Let's start off by an amazing example. Do you know Judy Roinbett? Until the age of 40, she thought of herself as a shy person. So she would go to corporate events and stand alone in corners. That is because she felt awkward around others. But there came a point in her career that the management consultant realized she was not getting anywhere by being shy: keeping her head down and working hard.
Moreover, in reality, how do people know we are working hard when no one knows you? So what she really needed was to make useful connections.
Today people know Robinett as the author of “How to Be a Power Connector.” And now she describes herself as a "raging extrovert.”
In Robinett’s thought, most people know 632 other people. But what do we actually do? We go to networking events thinking that there is only one person who can help us. But if you think about it, we don’t know who everyone else knows. Therefore, our best bet is to have genuine and useful relationships with as many people as possible.
“It’s fine to have friends, but quality relationships plus strategy should be your goal in business. If you can learn to be scrappy, you can get anywhere.”
Now let's talk a bit general. Some sales people only get a few opportunities each year to attend telecom networking events and make connections. On the other hand, others attend networking events a couple of times a month. And it is important to note that when it comes to making your quota you got to think about networking: it is a game-changing strategy.
So what can you do while networking?
- Meet potential customers & get referrals
- Find out who is in the market for your product before anyone else.
- Keep tabs on your prospect’s buying processes
- Build awesome industry reputation
Well, do you want to become a networking champion? Ferenc Huszar, a machine learning researcher at Twitter has a brilliant hack.
Meeting People at Networking events
Let me paint you a picture. Imagine that you finally decided to go to a telecom networking event. So you walked into a huge room. And the huge room is filled with strangers. What is your move? Of course, you could approach someone at random and start a conversation with them. But you and I both know that it is highly likely that neither of you will be able to give value to each other.
It takes some time to discover your goals or needs when talking to someone. And you could have met a different person who could really benefit from your product. Or maybe that person would know someone who would benefit. It is important to note that there is a big opportunity cost to every unproductive conversation.
So, you are probably wondering where am I taking you with all these thoughts? Fortunately, Huszar found a way which is both simple and incredibly effective to hone in on the exact useful person you need in a room. So, here are your moves.
First, you need to pick a random person in the crowd: just pick someone, anyone. And second, ask that person if they know anyone at this meetup. And when that person points to someone, you have to go and talk to that other person instead. You are probably thinking that it is crazy right? But wait: there is an explanation.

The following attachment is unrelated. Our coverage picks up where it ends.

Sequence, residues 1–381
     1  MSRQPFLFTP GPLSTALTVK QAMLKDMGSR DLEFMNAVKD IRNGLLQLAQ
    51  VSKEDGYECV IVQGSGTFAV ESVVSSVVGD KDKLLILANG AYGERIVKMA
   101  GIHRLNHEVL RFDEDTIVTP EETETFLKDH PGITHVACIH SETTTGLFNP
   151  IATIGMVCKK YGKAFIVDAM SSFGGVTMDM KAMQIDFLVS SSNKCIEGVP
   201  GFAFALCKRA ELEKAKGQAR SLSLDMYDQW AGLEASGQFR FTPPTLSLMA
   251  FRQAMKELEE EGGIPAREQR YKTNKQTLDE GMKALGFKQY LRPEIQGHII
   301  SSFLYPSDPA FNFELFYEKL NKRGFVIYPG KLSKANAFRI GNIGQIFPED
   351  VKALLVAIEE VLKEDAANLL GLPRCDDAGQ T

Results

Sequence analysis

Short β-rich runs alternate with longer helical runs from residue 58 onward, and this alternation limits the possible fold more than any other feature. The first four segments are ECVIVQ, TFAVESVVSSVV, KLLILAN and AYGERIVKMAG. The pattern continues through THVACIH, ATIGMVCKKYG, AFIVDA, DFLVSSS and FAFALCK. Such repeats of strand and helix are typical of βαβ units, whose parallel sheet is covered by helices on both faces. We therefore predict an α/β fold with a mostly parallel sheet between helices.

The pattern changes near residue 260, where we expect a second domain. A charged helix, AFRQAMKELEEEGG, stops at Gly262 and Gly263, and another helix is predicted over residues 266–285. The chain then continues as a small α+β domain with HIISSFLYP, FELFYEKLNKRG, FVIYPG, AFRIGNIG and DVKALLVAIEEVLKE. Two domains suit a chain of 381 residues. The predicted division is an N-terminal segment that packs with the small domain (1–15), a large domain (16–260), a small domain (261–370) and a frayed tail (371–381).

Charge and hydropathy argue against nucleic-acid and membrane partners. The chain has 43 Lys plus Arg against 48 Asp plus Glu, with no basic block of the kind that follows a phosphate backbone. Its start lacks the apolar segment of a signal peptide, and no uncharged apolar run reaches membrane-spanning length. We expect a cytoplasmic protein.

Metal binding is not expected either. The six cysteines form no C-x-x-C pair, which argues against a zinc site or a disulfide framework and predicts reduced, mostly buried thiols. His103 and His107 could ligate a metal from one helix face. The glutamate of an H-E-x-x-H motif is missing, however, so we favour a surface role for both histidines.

Do you know what a Friendship Paradox is? It is a phenomenon in which a few members of a social network tend to have dramatically more connections than anyone else. And this two-step technique is based on that paradox.
Huszar claims, that “Probability works in your favor, this randomly picked individual (the person the first one points to) is … quite likely to be a highly connected individual.”
Now, let's pretend that you walk over to the second person. First, you introduce yourself. At that point, it becomes clear that they are not the right person that you should be talking to, either.
What should you do next?
You need to ask that person the following questions: “Besides (name of the first person), do you know anyone else here?” And they will most definitely point to another person. And the person they reference is probably another super-connector. Got it?
Researching Attendees Beforehand
You know how important research is, right? It is important when you are buying a car, a house or an engagement ring. It is also important when you are choosing a school for your children.
The same way it is a good idea to check out the other attendees before the event.
If you are wondering, this exercise lets you pinpoint the most valuable people for you to speak to and find commonalities. Moreover, it lets you find professional details and other talking points you can control when building relationships.
The easy way of finding the people who are going to the event is by searching the event’s hashtag on Twitter and/or Instagram. But if there is no hashtag available for the event, then there is an alternative way. Consider emailing the organizers and asking for a list of attendees. Start by telling them that you are trying to prepare for the event. Trust me that most of them will happily send you their attendee list.
Now, this is the best part. You got to prepare yourself like you would when preparing for an exam. Once you know who you want to talk to you need to save their name, picture, and some general information. Don’t forget to also write down the reason you want to talk to them.
And if you want to be super prepared you can have an opener speech on your phone.
When the big night of the networking event comes and you see that person, you can quickly pull out those notes and start talking to them.
In conclusion, be smart when networking. Remember that your time and energy are valuable. And when you are not prepared you might get no return. But if you keep in mind these strategies you will maximize the chances of making connections that will actually lead somewhere great.